PICK A SAFE SPOT. “Even designated chain areas are often busy and slick,” says Tim Miller, senior marketing specialist at Goodyear. “Look for level ground and, above all, stay out of the flow of traffic.” Finding a level area is so critical because “on an incline, heat from your tires can cause your truck to slide on the ice.”

STAY TOWARD THE REAR OF THE CHAINING AREA. “You want to be able to move forward and retension your chains before leaving,” Pewag’s Eric Sullwold says. Don’t drop your trailer, either, even if you’re in a tight spot. Either piece of the combination may slide and “put you in a position where it’s very difficult to hook back up,” Sullwold says.

LAY CHAINS FLAT ON THE GROUND. You want to be able to pull forward or back over them rather than attempt to jack up a loaded rig on what is often soft ground. For example, when you pull forward, stop when about 11/2 ft. of chain is in front of the tire. Doing so will allow you to pull the chain over the top of the wheel and connect either end. Make sure to position the V-bars facing downward.

Sullwold says Pewag offers a tape that will show you how to install chains by laying them over the top of the tire with a special clip. This installation process is ideal in confined space, with little room to roll forward or backward.

PUT V-BARS UPWARD. They should face out and away from the tread. If the V-bars or studs bite into the tire, the casing will likely be ruined for retreading purposes, Sullwold says. “Hook the inside first, then do the outside.” Both Pewag chains and those from Wallingford’s have a clip that tightens as it closes. Trask says it “has a concentric cam that looks like a swan.” You adjust tension by moving the cam clip to a different attaching link on the other end. Sullwold advises that you should be able to put about three fingers in between the tread and a cross chain – no more, no less. “The tire and chain have to work like a handshake,” he says. If the chain is too tight, “it wears a spot in the tire.”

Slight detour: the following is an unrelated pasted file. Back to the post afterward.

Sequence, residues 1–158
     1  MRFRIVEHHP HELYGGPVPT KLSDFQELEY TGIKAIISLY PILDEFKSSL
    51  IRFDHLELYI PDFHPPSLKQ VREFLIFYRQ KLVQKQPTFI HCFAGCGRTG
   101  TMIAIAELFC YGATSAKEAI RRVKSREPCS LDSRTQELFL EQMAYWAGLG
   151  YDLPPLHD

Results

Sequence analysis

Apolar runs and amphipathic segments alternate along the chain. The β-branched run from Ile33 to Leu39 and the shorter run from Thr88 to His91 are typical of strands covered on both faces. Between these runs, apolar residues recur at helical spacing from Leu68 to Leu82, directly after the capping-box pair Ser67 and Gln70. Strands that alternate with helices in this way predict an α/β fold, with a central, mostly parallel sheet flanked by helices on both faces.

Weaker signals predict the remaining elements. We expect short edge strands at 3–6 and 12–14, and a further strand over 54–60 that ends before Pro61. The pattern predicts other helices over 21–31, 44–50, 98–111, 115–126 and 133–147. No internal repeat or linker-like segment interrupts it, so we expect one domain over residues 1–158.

RETENSION CHAINS. Move the truck at least one revolution of the wheel or more before retensioning. This allows the cross chains that were trapped under the tire to stretch out so they run straight across the tread. (They normally start out in a circle around the contact patch).

Others say retightening is helpful later in the process. Guy Walenga of Bridgestone Bandag Tire Solutions says, “Chains can destroy a tire if they come loose. They’ll move around and chew up the tread. Chain up, drive a while, and then stop and readjust them.” White Mountain Chain’s Ed Leach agrees and recommends retightening again after half a mile. Goodyear’s Miller recommends using rubber adjusters if necessary. “Loose fitting chains can damage close fitting body panels and moldings,” he warns.